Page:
>>>> (the convex hull looks right, and the input Z values in that
>>>> region don't look any different that regions that work).
>>>
>>> Sounds like a great opportunity for you to contribute.

>>
>> I'll try, but it looks like I'm going to be working all weekend
>> as it is.

>
> OTOH, it looks like I'm screwed either way. My python
> interpolator is so hopelessly slow it's useless in practice. It
> can only process 4 points per second and I need to process
> arrays of 10,000 to 50,000 elements.

I found another module that claims to do what I want

http://www.cdc.noaa.gov/people/jeffr.../griddata.html

But, no matter what data I pass, I get either all zeros or all
NaNs back. :/

I'm 0 for 3 now.

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Travis E. Oliphant
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Posts: n/a

 05-27-2006
Grant Edwards wrote:
> I need to interpolate an irregularly spaced set of sampled
> points: Given a set of x,y,z points, I need to interpolate z
> values for a much finer x,y grid.

How many x,y,z points do you have?

Did you try the fitpack function bisplrep in scipy? It can work well as
long as you don't have too many starting points.

Here is an example of how to use it

from numpy import rand, exp, ogrid
from scipy import interpolate
x = 2*rand(20)-1
y = 2*rand(20)-1
z = (x+y)*exp(-6.0*(x*x+y*y))

tck = interpolate.bisplrep(x,y,z,s=0,xb=-1,xe=1,yb=-1,ye=1)

xnew = r_[-1:1:70j]
ynew = r_[-1:1:70j]
znew = interpolate.bisplev(xnew,ynew,tck)

There is a buglet that is fixed in SVN scipy that means you need to
enter xb, xe, yb, and ye manually.

-Travis

Robert Kern
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Posts: n/a

 05-27-2006
Grant Edwards wrote:

> I found another module that claims to do what I want
>
> http://www.cdc.noaa.gov/people/jeffr.../griddata.html
>
> But, no matter what data I pass, I get either all zeros or all
> NaNs back. :/
>
> I'm 0 for 3 now.

I pointed you to

http://www.scipy.org/Cookbook/Matplo...ly_spaced_data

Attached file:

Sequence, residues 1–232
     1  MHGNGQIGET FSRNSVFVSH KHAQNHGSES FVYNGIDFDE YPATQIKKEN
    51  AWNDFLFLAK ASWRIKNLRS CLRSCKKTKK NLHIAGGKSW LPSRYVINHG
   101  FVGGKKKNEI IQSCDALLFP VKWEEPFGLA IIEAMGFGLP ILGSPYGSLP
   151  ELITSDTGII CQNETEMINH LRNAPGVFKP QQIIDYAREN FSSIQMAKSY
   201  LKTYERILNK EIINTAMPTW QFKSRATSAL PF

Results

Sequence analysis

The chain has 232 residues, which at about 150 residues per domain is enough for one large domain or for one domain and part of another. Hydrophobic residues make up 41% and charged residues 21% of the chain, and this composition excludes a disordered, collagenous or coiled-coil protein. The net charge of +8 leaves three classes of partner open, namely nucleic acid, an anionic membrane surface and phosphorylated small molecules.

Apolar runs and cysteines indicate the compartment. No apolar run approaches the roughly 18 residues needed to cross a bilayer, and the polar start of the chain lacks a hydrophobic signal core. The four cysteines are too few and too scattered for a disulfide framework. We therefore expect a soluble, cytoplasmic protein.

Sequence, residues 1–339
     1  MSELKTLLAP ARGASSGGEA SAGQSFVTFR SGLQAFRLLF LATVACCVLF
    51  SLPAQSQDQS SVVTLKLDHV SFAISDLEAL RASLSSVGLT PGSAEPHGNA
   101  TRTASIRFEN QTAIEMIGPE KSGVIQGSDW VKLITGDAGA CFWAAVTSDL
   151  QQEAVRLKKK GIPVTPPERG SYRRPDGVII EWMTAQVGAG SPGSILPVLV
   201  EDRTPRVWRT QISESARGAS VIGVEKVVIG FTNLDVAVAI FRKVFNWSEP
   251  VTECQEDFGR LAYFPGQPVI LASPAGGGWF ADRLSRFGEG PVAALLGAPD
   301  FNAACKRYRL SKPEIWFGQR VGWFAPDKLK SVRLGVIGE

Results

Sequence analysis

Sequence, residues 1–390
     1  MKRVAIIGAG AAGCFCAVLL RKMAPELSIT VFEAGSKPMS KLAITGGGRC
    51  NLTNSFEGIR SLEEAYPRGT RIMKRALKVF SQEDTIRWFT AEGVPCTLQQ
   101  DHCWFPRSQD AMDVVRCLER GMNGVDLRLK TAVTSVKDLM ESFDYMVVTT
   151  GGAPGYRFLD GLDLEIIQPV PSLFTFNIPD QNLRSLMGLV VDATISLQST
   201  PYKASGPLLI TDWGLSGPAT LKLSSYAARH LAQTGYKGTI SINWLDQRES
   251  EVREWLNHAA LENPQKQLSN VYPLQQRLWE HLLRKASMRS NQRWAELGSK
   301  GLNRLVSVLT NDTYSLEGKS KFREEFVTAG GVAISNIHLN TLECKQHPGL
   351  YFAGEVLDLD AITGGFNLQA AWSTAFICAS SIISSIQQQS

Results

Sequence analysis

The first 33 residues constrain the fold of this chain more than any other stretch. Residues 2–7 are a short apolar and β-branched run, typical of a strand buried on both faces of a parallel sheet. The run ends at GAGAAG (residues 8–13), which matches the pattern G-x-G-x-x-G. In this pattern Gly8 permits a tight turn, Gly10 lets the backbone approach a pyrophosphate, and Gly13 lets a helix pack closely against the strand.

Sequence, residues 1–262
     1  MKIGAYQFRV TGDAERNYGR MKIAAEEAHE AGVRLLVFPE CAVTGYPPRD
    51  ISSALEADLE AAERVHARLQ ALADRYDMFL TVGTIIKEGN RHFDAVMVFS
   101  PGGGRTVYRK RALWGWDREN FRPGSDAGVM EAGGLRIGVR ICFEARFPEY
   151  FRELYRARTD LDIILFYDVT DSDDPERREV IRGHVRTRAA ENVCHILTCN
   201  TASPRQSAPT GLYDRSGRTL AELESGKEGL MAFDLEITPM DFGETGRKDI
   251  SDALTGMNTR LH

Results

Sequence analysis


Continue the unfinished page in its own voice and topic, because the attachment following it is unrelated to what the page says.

earlier. Does that not do what you want?

--
Robert Kern

"I have come to believe that the whole world is an enigma, a harmless enigma
an underlying truth."
-- Umberto Eco

Grant Edwards
Guest
Posts: n/a

 05-27-2006
On 2006-05-27, Grant Edwards <(E-Mail Removed)> wrote:

> I found another module that claims to do what I want
>
> http://www.cdc.noaa.gov/people/jeffr.../griddata.html
>
> But, no matter what data I pass, I get either all zeros or all
> NaNs back. :/

Aaarrrggh. After some more sweating and swearing, it looks like
both the griddata module and the scipy.delaunay.nn_interpolator
do work as long as you pass the preferred brand of arrays to
them and specify the mesh/grid using the right scheme.

My problems seem to have been caused by the interaction of a
number of factors:

1) Gnuplot.py seems to like convert _some_ floating-point
arrays to integer values before plotting them -- this only
seems to happen when passing 2D arrays to splot(). That
was breaking some of my data.

2) Converting the arrays to nested lists prevents the rounding
to an integer problem but it apparently transposed the x/y
axis without my noticing. Then the "holes" in some of the
interpolated surfaces showed up. It turns out there were
NaNs in the input data that were causing the holes, but
because of the transposed x/y axis, I was looking in the
wrong place in the data.

3) Attempting to use the griddata module resulted in mixing
array objects from pylab, numpy, numeric, and scipy (some
of which may or may not be the same -- I can't keep track).
Mixing array types seems to have tripped up some
extensions. AFAICT, python code is happy with any of the
array types since they're pretty much the same if you go by
"duck" typing. But C/Fortran extensions only seem to work
with one sort or the other, and some python modules that
wrap those extensions will pass anything that quacks on
down to C/Fortran code, when then gets confused. Maybe.

4) Even when the arrays were OK, there are a couple
incompatible ways to specify a mesh/grid, and I picked the
wrong one in at least one case.

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Grant Edwards
Guest
Posts: n/a

 05-27-2006
On 2006-05-27, Robert Kern <(E-Mail Removed)> wrote:
> Grant Edwards wrote:
>
>> I found another module that claims to do what I want
>>
>> http://www.cdc.noaa.gov/people/jeffr.../griddata.html
>>
>> But, no matter what data I pass, I get either all zeros or all
>> NaNs back. :/
>>
>> I'm 0 for 3 now.

>
> I pointed you to
>
> http://www.scipy.org/Cookbook/Matplo...ly_spaced_data
>
> earlier. Does that not do what you want?

Yes, after installer newer versions of things and straightening out
some other issues.